When I thought about my past self and the beliefs I held, I began to realise why I thought the way I did. Acknowledging the existence of racism is a painful experience. It is painful to acknowledge that you and others like you will be treated differently because of the colour of your skin. It is painful to acknowledge that once you enter the working world, it is likely you’ll have to work harder than your white peers just to be taken seriously, or that you are more likely to be seen as a criminal by both the police and shop owners, or even to acknowledge that, except in severe cases, racist actions against you are likely to go unpunished. It is far easier to believe that these are battles that were already fought and won by your parents and not battles that you will likely have to face in your own life.

It is far too easy to look at your white friends and your class privilege and think that racism is over, and merely the act of recognizing that there is still more work to be done to eradicate racism is exhausting. But it is necessary. Perhaps that is why we get so frustrated at people like Raven who insist on remaining ignorant. The one thing that I’ve learned when it comes to New Blacks is that you cannot force them to wake up, it’s something they need to do on their own.

So maybe one day, Raven and every other New Black will wake up. Maybe they won’t. But while it is important to continue critiquing the New Black mentality, we cannot allow criticising that to take up too much important space and energy.

Confessions of a “Coconut”

One of the most serious questions I have had to grapple with over the years is the question of who I am. Since I was very young, one of the main labels that I have used to describe myself is: black. Like most, I did not choose to be black. My blackness is something that I realised at a young age when I began to realise that having my colour skin meant that there were certain things that I could not do and certain things that I was expected to do.

In other words, “black” was an identity that was thrust on me at an age where I was too young to know what it meant and I was left to navigate the terms and conditions of that on my own. It is also quite interesting that as a middle class black girl who did not speak an African language, “black” was a label that people were as eager to thrust on me as they were to take away from me.

Coconut is a word I heard often. The fact that I spoke English, only English, with a “white” accent meant that in the eyes of many I was and still am automatically disqualified from the title of being “truly black”. I grew up in white suburbs, attended white schools, and when I entered black spaces there was a distinct, uncomfortable feeling that I did not truly belong there. Yet, I did not truly belong in the very same white spaces I navigated in that rejected blackness and accepted black people who were as close to whiteness as possible but did not truly welcome them. I therefore fit the definition of a coconut. Black on the outside but on the inside something close-ish to whiteness but not quite there either.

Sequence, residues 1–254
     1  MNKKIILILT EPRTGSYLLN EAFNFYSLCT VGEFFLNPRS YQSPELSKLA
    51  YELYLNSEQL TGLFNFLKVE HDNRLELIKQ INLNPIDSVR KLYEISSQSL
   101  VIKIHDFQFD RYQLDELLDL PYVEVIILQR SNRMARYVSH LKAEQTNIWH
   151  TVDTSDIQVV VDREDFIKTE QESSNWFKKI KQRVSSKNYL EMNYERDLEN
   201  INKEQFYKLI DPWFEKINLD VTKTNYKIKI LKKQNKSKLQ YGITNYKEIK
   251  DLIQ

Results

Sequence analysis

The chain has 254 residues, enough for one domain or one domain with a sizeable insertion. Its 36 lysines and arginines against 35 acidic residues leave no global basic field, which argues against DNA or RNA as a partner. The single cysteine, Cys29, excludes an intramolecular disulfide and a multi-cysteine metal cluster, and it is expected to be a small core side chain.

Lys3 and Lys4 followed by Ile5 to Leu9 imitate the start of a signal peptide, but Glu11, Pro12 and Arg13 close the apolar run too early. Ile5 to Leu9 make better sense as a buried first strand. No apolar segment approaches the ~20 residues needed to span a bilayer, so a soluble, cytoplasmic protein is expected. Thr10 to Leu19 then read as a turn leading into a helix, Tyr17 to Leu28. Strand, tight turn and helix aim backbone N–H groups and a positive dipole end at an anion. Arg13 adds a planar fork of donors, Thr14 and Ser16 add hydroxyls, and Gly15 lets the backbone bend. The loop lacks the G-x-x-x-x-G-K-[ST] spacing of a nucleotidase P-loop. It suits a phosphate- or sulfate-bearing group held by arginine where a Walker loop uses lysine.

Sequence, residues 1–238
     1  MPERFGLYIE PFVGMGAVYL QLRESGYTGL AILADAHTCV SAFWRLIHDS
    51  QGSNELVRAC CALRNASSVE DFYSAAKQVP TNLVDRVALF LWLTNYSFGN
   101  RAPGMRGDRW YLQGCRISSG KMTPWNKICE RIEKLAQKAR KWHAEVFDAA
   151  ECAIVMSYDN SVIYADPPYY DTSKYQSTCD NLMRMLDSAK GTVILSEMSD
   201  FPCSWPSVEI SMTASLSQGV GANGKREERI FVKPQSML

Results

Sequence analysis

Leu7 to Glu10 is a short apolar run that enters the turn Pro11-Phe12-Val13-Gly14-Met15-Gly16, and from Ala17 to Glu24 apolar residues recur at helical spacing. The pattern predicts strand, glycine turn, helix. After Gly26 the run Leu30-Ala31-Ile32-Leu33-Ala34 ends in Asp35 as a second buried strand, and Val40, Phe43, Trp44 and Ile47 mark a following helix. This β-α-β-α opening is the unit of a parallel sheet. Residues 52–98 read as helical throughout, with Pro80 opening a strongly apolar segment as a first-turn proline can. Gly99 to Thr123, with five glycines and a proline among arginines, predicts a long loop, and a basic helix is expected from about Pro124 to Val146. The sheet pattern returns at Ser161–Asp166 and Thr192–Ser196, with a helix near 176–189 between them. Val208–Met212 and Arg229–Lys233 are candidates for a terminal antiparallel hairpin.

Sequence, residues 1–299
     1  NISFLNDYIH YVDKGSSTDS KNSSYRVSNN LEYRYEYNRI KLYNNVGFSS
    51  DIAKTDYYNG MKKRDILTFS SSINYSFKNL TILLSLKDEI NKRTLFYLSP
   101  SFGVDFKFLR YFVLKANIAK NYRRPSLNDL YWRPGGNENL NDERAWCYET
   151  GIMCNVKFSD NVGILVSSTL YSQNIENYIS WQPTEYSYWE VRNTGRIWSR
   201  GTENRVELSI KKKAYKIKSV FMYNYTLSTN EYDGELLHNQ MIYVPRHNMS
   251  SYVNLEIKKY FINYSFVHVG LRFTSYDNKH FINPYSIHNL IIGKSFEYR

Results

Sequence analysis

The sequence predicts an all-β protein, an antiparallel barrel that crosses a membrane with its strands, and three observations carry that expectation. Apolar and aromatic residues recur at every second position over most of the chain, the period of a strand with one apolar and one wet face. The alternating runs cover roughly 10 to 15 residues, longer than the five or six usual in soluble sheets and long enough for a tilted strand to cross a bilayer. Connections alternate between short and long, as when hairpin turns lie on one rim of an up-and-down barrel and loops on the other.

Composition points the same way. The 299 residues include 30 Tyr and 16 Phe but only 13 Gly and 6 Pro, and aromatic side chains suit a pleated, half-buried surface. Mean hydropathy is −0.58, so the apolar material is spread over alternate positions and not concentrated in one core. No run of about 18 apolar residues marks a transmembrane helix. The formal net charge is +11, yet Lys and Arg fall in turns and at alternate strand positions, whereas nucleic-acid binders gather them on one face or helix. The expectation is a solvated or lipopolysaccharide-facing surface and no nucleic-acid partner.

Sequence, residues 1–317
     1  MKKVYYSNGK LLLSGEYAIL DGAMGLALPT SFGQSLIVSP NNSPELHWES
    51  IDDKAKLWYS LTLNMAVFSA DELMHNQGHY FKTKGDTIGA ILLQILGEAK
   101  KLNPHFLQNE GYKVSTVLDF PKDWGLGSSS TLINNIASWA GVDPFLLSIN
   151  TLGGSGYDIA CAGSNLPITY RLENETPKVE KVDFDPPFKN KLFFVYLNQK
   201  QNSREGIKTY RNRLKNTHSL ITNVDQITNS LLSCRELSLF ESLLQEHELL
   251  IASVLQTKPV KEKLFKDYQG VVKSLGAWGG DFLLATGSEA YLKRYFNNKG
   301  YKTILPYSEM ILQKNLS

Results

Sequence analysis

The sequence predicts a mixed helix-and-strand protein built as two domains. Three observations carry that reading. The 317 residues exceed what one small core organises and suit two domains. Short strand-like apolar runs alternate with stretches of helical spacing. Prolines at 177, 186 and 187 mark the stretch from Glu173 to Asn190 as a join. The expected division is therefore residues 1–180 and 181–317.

At the same time, I was frequently, and sometimes violently reminded that I was black. I was reminded that I was black every time I opened a book or watched television and few to none of the heroes and desirable people ever looked like me. I was reminded I was black when I was followed around in stores. When my school declared that my natural hair was against school rules and that I needed to braid it or relax it. When my white friends would put on a racist “funny” blaccent whenever they were pretending to be poor or stupid as a joke. When a little white boy in my Grade 3 class told me that black people are lazy and stupid. When I saw or heard people saying over and over again that my people were inherently stupid, inferior, and barbaric and would have never amounted to anything had it not been for the White Man.

And most ironically, I was reminded I was black by the very same people who called me coconut, always with a condescending smirk, who  believed that they needed to put me “in my place” by reminding me that I wasn’t what they thought I desperately wished I was: white.

And that’s the thing. I have never for a second forgotten that I’m black. I live in a world that would never allow me to. But at the same time, my blackness is something that I have navigated and reinterpreted throughout my life. It’s an identity that I have come to reclaim as my own. I spent a few embarrassing years trying to act according to black stereotypes in order to be seen as truly black, and I have come to realize that blackness isn’t a set of characteristics and stereotypes. It is rather a mentality that opposes institutional racism and the imposition of whiteness. It is a rejection of the oppressive narratives and the destructive and degrading stereotypes dictating what it means to be black. And it is so much more than that. At least, that’s what it means to me.

As a result, I’ve reached a point where I no longer care if I am called a coconut.